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  1. Social Responsibility and Business 4TH EDITION FERRELL • THORNE • FERRELL CHAPTER 8 Consumer Relations

  2. Consumer Stakeholders • These are individuals who purchase, use, and dispose of products for themselves and their homes. • In the 1980s and 1990s “green marketing” was very popular. • There is no true consensus around issues such as environmental responsibility, and companies face complex decisions about how to respond to them.

  3. Consumer Economic Issues • Consumers are primary stakeholders because their awareness, purchase, use and repurchase of products is vital to a company’s existence. • Consumers and business are connected by an economic relationship. • Consumers exchange money for goods or services. • Consumers expect the products they purchase to perform as guaranteed by the sellers. • In the early 1900s “let the buyer beware” typified the powerthat business- not consumers- wielded in exchange relationships. This is still true in less developed parts of the world.

  4. Company Use of OnlineFraud Prevention Tools

  5. Consumer Economic Issues • Consumer fraud results from intentional deception to derive unfair economic advantage from an organization. • Shoplifting • Collusion • Duplicity • Guile • Buyer/seller disagreement can result in fraudulent activities. • Products not meeting expectations • Inventory shrinkage is estimated to cost U.S. businesses more than $40 billion per year.

  6. Motivations forIllegitimate Consumer Complaints

  7. Consumer Legal Issues • With respect to U.S. consumers, legal issues fallunder the domain of the Federal Trade Commission (FTC), which enforces federal antitrust and consumer protection laws. • Bureau of Consumer Protection works to protect consumers against unfair, deceptive, and fraudulent practices. • Food & Drug Administration (FDA) monitors foods,drugs, medical devices, cosmetics, veterinary products, and potentially hazardous consumer products. • Consumer Product Safety Commission monitors injuriesresulting from consumer products.

  8. Major Consumer Laws

  9. Major Consumer Laws (cont.)

  10. Major Consumer Laws (cont.)

  11. Major Consumer Laws (cont.)

  12. Additional Legal Issues and Relevant Laws • Health and safety • Pure Food and Drug Act • Credit and ownership • Home Ownership and Equity Protection Act • Marketing, advertising, and packaging • Federal Trade Commission Act • Telemarketing and Consumer Fraudand Abuse Prevention Act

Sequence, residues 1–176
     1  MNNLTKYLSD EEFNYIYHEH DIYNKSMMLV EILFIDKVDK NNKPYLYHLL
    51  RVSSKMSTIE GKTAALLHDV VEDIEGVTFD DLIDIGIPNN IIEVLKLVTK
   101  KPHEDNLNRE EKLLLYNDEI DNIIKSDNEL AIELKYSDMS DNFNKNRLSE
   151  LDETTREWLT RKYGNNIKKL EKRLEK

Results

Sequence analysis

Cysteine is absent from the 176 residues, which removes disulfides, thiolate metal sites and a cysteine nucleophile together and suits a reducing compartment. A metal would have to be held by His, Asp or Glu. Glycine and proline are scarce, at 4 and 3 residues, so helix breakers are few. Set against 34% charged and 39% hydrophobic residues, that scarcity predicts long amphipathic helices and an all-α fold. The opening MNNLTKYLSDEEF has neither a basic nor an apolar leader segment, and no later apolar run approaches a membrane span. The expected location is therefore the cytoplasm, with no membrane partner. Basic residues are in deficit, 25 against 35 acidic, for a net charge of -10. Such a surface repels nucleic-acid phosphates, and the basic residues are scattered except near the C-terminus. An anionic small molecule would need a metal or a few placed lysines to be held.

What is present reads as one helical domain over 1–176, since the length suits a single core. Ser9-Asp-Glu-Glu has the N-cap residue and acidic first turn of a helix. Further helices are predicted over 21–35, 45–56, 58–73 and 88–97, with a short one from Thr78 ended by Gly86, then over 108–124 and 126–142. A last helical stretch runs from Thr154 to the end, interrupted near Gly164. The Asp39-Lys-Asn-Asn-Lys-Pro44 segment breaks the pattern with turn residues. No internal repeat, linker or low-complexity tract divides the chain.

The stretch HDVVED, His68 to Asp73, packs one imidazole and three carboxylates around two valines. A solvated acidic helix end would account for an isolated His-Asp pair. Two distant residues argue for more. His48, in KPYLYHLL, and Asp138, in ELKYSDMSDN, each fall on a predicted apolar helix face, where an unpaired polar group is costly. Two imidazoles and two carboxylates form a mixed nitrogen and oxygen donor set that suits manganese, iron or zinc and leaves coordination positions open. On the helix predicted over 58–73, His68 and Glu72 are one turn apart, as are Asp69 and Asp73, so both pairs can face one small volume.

13. Red Flags: Bogus Weight Loss Claims

  14. Additional Legal Issues and Relevant Laws (cont.) • Sales and warranties • Magnuson-Moss Warranty Act • Product liability- a business’s legal responsibility for the performance of its products • Toy Safety Act • International issues

  15. Ethical Issues • Consumerism • The movement to protect consumers from an imbalance of power with business and to maximize consumer welfare in the marketplace

  16. Ethical Issues • Consumer Bill of Rights • Right to choose • Right to safety • Right to be informed • Right to be heard • Right to seek redress • Right to privacy

  17. Right to Choose • To the extent possible, consumers have the opportunity to select from a variety of products at competitive prices. This right is based on the philosophy of the competitive nature of markets, which should lead to high-quality products at reasonable prices.

  18. Right to Safety • This means that businesses have an obligation not to knowingly market a product that could harm consumers. • Some consumers believe this means that the manufacture and sale of firearms should be outlawed.

  19. Right to Be Informed • Any information, whether communicated in written or verbal format, should be accurate, adequate, and free of deception so that consumers can make a sound decision.

  20. Right to Be Heard • This right relates to opportunities for consumers to communicate or voice their concerns in the public policy process. This implies that governments have the responsibility to listen and take consumer issues into account.

  21. Right to Seek Redress • Consumers have the right to express dissatisfaction and seek restitution from a business when a good or service does notmeet their expectations.

  22. Right to Privacy • Consumers need to be aware of how personal data are collected and used; and firms must protect this information.

  23. Philanthropic Issues • Consumers are increasingly concerned with organizations’ social responsibility. • Organizations are increasingly linking philanthropic efforts with consumer interests in order to strengthen ties to consumers. • Avon—breast cancer fundraising • Home Depot—Habitat for Humanity • Eastman Kodak—World Wildlife Fund

  24. Strategic Implementation • Include community views in corporate planning • Manage, nurture, and continuously assess community relations and needs • Educate and listen to consumers; run surveys to discover strengths and weaknesses in stakeholder relations; hire consumer affairs professionals; and develop a community relations office

  25. Business in the Community Marketplace Responsibility